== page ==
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Government has no Business Regulating Cryptocurrencies – Crypto Founder

The order from Nigeria’s Central Bank prohibiting banks and other financial institutions from trading in cryptocurrencies hit like a tornado in February this year.

For many young Nigerians who had taken to trading in crypto, it felt like a death sentence as many had taken solace in crypto trading due to the high unemployment rate.

But one of the major worries many had and still do is that trading in crypto is likened to a Ponzi scheme.

Considering the failure of MMM and many of its likes in Nigeria and the attendant hardships it brought, the fear of engaging in another Ponzi is a valid one.

Brian Sumner is the founder of a crypto coin – Galaxy Heroes Coin. He believes the comparisons to Ponzi is not fair but insists “All investments can be considered that.”

“If you’re worried that crypto is a Ponzi scheme, you need to take a look around you,” he adds.

“When you invest, you’re looking for profit at the end. The only way for that to happen is someone else buying after you and so on.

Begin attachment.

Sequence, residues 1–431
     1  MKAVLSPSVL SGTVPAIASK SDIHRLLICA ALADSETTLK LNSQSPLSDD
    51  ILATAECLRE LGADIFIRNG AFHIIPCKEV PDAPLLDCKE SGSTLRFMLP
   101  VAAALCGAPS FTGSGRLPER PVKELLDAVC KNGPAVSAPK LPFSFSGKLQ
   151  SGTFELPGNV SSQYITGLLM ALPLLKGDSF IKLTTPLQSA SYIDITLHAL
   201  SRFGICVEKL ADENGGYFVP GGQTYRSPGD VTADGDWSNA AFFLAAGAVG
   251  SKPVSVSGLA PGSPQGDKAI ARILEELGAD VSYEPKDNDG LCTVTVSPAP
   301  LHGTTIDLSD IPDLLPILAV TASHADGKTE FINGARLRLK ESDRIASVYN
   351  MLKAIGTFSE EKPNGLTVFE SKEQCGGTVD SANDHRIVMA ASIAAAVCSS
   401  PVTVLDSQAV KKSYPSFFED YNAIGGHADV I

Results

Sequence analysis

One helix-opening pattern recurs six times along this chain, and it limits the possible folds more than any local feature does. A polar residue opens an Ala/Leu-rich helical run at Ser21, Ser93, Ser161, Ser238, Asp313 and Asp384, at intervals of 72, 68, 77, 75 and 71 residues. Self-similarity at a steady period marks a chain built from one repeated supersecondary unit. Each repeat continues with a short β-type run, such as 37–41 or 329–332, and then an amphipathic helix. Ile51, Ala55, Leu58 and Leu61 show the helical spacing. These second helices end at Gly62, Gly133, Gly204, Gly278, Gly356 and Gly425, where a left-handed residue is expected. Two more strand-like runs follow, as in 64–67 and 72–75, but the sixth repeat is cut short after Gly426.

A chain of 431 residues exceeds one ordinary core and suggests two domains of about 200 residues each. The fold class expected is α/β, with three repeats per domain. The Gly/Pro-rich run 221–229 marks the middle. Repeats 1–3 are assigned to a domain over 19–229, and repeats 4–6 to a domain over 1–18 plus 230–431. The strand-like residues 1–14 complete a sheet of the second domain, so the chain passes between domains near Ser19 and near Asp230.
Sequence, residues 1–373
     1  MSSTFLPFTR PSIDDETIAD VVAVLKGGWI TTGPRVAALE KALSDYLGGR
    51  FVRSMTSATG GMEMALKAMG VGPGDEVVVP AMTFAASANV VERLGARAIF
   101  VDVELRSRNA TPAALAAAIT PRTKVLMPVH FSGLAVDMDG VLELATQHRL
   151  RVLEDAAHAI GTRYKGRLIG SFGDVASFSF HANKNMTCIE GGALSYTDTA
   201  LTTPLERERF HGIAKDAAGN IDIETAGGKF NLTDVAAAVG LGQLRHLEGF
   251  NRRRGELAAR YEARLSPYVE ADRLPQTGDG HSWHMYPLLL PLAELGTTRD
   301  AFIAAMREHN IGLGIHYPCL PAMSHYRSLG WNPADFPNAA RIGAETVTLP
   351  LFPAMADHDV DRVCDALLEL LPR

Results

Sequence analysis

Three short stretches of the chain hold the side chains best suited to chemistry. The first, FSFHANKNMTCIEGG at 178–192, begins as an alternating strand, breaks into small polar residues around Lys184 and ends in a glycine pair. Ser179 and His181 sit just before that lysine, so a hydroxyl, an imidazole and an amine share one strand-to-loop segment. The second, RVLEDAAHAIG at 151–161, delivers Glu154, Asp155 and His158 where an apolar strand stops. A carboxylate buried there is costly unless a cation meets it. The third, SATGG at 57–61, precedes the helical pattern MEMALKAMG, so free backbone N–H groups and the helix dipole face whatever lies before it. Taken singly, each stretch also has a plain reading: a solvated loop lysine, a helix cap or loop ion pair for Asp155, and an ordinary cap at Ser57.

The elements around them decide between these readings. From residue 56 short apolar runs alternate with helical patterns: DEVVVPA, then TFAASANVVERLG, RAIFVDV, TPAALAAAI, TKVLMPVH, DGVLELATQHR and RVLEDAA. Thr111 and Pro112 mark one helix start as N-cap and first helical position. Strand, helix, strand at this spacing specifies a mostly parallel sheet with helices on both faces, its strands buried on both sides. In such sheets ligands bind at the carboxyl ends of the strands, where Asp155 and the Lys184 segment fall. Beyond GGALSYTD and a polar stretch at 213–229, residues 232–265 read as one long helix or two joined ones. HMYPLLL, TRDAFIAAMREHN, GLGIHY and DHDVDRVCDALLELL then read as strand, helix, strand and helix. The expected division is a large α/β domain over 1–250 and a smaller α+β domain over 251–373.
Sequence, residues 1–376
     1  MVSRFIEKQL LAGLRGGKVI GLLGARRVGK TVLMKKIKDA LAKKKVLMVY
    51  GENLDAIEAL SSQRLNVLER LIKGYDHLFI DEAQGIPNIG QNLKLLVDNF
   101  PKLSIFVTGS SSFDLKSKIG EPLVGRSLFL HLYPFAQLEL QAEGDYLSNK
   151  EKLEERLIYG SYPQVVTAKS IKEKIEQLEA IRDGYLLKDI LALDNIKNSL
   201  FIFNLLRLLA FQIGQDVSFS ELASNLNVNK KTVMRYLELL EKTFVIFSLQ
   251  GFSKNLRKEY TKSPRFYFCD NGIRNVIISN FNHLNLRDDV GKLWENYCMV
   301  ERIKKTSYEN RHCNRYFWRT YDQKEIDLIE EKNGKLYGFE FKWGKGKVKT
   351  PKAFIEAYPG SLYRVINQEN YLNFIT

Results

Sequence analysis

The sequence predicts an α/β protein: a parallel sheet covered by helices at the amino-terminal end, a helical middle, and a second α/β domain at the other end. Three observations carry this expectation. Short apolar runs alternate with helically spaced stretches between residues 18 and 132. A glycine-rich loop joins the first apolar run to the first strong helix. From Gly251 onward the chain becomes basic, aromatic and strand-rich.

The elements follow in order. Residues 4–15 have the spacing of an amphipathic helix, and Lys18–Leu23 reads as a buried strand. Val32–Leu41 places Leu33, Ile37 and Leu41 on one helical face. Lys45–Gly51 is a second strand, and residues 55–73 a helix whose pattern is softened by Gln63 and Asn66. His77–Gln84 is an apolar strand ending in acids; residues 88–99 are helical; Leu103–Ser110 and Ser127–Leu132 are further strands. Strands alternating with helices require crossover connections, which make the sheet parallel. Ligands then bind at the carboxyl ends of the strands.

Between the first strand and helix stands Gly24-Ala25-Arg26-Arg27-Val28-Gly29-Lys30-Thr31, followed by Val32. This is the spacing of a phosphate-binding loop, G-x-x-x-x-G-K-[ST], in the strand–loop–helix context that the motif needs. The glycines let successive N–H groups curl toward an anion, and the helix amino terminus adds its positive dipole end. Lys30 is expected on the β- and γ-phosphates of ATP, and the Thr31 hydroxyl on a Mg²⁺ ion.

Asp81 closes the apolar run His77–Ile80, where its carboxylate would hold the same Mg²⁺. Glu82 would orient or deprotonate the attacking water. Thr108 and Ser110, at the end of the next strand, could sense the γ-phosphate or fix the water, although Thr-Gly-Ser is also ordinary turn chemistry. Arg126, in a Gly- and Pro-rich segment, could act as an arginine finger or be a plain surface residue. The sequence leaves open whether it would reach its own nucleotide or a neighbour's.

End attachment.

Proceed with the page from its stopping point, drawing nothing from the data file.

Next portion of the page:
The 34-year-old says governments across the world, including Nigeria, are “scared to lose control” hence the restrictions being placed. 

But Sumner argues that the ultimate goal in the restrictive measures across the globe is the fight to control taxes.

“The government wants their taxes, they need their portion of the pie.

“They’re worried they won’t be able to tax it. They could care less if you lose your money investing, however, they care about your profits and won’t hesitate to collect their tax.”

Because Nigeria’s Central Bank does not recognise cryptocurrencies, it does not have a regulatory framework or licensing regime for operators of cryptocurrencies.

But the founder of one of the major crypto coins in the market today believes governments have no business regulating the industry in the first place.

“I don’t think any government should control cryptocurrency. The only reason why they see its relevance now is because it’s being mass adopted and they’re worried they won’t be able to tax it,” he says.

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